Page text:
Trevor’s Travel Trivia – Part V

  World’s Most Dangerous Food   (1) Fugu Also known as the puffer fish, fugu is a Japanese delicacy that if not prepared correctly can kill you or cause asphyxia. The fish, normally eaten raw, can only be served by highly trained chefs with years of experience in preparing fugu. This is because its internal organs contain the lethal poison tetrodotoxin. This substance is 1,200 times more toxic than cyanide. Chefs leave a tiny amount inside the fish, which provides for a slight tingling sensation. Some consider the liver the tastiest part, but it is also the most poisonous, and serving this organ in restaurants was banned in Japan in 1984. In November 2011 a chef at two-Michelin star “Fugu Fukuji” in Tokyo was suspended from his post. The chef served fugu liver to a customer who, despite being warned of the risks, specifically asked that it be provided. The […]

Continue Reading

Rumfest London – Taste the best Rums of this Planet

We got our tickets for London’s biggest and longest-standing rum trade fair through a competition by our much more established fellow blogger The Food Goblin (thanks, Lucy!). It’s normally not the kind of thing we’d do and the regular price of £50 would almost certainly have put us off. However, it turned out to be a great experience. The visitors were split evenly between hard-drinking party people who tried to get 250 pounds of value out of their ticket and professionals from the hospitality, food and beverage industry, who weren’t exactly holding back on the drinking, but kept it slightly more professional, at least some of them and until later in the afternoon. It was a pleasant, fun atmosphere and we didn’t encounter anything beyond a few people being a bit loud and unsteady on their feet, which is fine in our book. Up until today, I really only ever […]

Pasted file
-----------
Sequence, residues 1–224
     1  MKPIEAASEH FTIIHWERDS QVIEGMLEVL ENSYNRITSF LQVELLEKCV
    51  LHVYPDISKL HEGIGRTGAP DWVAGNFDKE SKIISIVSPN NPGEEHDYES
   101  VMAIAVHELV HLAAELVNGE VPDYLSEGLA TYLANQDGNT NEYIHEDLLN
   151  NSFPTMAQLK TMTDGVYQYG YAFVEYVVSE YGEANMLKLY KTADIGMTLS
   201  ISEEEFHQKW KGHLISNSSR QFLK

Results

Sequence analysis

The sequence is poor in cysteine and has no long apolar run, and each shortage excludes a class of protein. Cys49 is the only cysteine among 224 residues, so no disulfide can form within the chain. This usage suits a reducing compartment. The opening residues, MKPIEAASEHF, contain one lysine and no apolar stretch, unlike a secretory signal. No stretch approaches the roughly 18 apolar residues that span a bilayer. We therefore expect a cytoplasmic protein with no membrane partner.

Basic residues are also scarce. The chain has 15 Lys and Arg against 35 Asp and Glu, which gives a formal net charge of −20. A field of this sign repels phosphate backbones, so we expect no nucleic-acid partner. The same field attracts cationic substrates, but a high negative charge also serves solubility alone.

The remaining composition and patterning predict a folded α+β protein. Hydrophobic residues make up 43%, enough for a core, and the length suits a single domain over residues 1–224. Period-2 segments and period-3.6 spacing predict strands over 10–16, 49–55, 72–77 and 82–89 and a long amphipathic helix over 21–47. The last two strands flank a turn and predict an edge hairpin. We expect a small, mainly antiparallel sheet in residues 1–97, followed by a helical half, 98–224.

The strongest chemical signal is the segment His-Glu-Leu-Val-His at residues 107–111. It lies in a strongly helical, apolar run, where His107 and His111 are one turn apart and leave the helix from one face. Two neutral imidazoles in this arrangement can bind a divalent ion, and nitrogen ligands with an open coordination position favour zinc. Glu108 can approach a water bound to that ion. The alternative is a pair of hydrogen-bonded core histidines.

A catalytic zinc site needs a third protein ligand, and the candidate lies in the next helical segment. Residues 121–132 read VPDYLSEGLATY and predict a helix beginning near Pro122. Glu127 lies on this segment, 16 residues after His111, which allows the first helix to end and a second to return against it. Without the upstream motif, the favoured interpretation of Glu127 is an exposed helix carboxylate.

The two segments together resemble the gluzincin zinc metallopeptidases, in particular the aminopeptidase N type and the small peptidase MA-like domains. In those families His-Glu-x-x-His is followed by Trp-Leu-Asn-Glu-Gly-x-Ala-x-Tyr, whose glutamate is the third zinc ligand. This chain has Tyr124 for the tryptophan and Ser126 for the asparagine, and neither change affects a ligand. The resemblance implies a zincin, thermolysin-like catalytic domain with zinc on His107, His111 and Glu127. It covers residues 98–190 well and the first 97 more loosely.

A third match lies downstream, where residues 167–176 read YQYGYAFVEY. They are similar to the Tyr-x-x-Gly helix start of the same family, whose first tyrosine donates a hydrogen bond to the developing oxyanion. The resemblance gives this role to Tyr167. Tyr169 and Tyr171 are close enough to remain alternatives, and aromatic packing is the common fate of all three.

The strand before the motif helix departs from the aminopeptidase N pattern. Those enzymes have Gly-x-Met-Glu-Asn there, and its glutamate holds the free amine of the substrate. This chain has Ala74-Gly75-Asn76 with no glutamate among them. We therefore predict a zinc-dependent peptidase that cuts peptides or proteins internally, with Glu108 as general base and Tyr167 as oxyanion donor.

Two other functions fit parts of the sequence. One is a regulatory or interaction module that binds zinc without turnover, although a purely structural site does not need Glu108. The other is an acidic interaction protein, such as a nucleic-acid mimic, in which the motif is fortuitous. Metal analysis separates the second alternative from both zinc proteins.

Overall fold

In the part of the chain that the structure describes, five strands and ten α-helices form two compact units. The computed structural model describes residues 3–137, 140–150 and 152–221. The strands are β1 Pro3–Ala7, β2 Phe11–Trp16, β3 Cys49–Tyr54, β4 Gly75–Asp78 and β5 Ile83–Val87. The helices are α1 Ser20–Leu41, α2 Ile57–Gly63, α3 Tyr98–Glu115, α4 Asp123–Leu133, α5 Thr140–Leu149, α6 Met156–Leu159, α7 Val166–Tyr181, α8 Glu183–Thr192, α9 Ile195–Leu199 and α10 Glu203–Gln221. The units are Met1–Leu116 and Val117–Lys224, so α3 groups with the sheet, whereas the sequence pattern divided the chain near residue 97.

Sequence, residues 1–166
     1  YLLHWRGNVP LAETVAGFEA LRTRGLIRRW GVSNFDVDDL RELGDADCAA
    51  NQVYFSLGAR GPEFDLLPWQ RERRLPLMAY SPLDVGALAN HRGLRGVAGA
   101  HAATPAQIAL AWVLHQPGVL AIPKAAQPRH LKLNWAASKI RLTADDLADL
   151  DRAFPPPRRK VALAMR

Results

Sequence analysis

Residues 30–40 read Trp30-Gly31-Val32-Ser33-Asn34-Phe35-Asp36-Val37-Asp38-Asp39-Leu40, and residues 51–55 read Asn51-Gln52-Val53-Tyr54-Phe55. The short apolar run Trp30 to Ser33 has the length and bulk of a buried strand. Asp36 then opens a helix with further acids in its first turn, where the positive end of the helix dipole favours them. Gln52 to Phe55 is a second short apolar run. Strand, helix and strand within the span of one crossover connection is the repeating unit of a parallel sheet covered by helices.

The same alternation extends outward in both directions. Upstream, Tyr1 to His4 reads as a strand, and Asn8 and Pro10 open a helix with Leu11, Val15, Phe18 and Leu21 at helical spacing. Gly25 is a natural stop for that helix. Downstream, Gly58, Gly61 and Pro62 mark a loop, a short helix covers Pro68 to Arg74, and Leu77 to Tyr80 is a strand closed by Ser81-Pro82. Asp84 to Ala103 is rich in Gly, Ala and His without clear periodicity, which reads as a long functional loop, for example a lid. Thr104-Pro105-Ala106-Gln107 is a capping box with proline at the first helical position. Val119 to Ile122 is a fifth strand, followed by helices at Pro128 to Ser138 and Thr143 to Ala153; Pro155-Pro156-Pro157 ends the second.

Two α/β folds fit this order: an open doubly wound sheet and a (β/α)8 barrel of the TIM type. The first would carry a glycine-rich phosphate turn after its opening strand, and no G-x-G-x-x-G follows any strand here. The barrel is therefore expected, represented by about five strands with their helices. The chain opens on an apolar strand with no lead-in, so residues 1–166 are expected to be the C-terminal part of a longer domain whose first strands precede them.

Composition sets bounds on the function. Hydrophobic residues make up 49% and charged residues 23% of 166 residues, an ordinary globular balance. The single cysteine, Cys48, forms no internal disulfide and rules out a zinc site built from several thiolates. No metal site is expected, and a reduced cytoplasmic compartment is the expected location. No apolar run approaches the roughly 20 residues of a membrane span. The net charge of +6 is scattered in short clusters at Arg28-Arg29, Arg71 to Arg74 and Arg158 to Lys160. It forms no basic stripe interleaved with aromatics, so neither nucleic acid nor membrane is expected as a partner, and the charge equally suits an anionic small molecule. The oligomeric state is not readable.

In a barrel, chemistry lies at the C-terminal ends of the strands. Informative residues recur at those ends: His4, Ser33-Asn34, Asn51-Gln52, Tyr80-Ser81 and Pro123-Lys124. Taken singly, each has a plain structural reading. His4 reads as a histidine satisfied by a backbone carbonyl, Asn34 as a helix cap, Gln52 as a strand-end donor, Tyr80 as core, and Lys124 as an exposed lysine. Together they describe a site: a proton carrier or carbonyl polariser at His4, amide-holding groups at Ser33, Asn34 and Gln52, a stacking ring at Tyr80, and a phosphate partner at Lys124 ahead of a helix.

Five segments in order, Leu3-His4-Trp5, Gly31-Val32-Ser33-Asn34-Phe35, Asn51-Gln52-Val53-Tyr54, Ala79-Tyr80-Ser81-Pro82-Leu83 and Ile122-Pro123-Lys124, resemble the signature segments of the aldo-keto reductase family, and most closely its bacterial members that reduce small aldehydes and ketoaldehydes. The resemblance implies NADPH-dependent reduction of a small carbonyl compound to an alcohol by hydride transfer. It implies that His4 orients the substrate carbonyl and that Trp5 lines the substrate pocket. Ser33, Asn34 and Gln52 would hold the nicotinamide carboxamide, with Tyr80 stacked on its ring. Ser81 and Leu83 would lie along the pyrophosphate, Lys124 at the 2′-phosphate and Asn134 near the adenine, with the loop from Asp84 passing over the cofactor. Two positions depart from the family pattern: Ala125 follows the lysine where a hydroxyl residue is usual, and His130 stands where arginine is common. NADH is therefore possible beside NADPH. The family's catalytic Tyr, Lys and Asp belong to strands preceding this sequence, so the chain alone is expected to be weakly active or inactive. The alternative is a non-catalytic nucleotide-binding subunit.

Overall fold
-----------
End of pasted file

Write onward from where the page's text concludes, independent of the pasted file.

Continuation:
Continue Reading

Manhattan Swing at the Royal Academy

We love the Royal Academy of Art and we try to do as many RA Lates as we can, this one not being the first one. It was called “Manhattan Swing” and aimed to emulate the 1940s and 1950s Manhattan of “abstract artists and beatniks in downtown Manhattan, Peggy Guggenheim and her new gallery Art of this Century, cocktail parties on the Upper East Side, Pollock’s drip paintings, jazz, beat poetry, dancing the jitterbug and sipping Martinis at the Savoy as we celebrate the era when New York overtook Paris as the capital of the art world.” The programme reads absolutely fabulous, ranging from intellectual talks and discussions about relevant topics such as “The Bohemia Incubator: Greenwich Village & Manhattan Post-War Culture” to Beat Poetry readings, live jazz music, DJs, free face painting, dance classes and painting workshops.       The lobby was turned into a dance floor, two bars, […]

Continue Reading

Watch a king have Posh ‘n’ Becks and an ingénue make it big

We watched The Libertine starring Dominic Cooper yesterday at the Haymarket Theatre Royal, Stephen Jefferys’ 1994 play portraying the life of John Wilmot, second Earl of Rochester, a real-life historic figure who would make Russell Brand blush, and who was previously portrayed by Johnny Depp (with John Malkovich and Rosamund Pike) in the homonymous 2004 movie.    We hadn’t been back to the Her Majesty’s (its former name) in a while, not since watching Waiting for Godot with Patrick Stewart and Sir Ian McKellen a while back. As always, it’s such a beautiful atmosphere and we loved the stage design, so stylish, and none of that abstract indulgence in geometric forms, patterns, and light effects, we’ve seen too often in recent years.    You watch the Earl sleep with a myriad of women or enjoy blow-jobs, on one occasion while his friend the king has sex on a balcony next […]

Continue Reading

Ginger Plants – Yum and Good for You

We’ve been great fans of ginger, turmeric and cardamom for as long as we can think back. We love the taste of these roots and their enormous health effects. All three are from the family of ginger plants. Cardamom is from the seeds of the Cardamom plant, ginger and turmeric are both roots. The plants are widely used in India and other parts of Asia. Most recipes we know do not involve combinations of the three (or two of the) spices, but contain just one of the three. We find ourselves occasionally combining ginger and turmeric for some Asian chicken dishes, and ginger and cardamom for masala teas or when baking.       My personal favourite is ginger. I literally can’t imagine life without it. Once a week or so I buy a whole kilogram of ginger at the corner store (some of the Costcutter corner stores have top quality […]

Continue Reading